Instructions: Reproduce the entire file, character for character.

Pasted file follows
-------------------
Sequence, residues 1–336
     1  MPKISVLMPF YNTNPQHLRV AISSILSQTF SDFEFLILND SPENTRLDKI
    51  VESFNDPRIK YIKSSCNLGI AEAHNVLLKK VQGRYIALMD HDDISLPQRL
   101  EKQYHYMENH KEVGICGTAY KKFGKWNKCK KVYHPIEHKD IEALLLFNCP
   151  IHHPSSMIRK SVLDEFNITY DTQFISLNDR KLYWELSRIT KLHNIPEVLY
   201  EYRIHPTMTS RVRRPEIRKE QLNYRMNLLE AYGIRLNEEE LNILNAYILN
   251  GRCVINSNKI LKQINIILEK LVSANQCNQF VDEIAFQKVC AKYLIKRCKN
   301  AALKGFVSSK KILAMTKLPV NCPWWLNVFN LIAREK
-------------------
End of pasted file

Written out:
Sequence, residues 1–336
     1  MPKISVLMPF YNTNPQHLRV AISSILSQTF SDFEFLILND SPENTRLDKI
    51  VESFNDPRIK YIKSSCNLGI AEAHNVLLKK VQGRYIALMD HDDISLPQRL
   101  EKQYHYMENH KEVGICGTAY KKFGKWNKCK KVYHPIEHKD IEALLLFNCP
   151  IHHPSSMIRK SVLDEFNITY DTQFISLNDR KLYWELSRIT KLHNIPEVLY
   201  EYRIHPTMTS RVRRPEIRKE QLNYRMNLLE AYGIRLNEEE LNILNAYILN
   251  GRCVINSNKI LKQINIILEK LVSANQCNQF VDEIAFQKVC AKYLIKRCKN
   301  AALKGFVSSK KILAMTKLPV NCPWWLNVFN LIAREK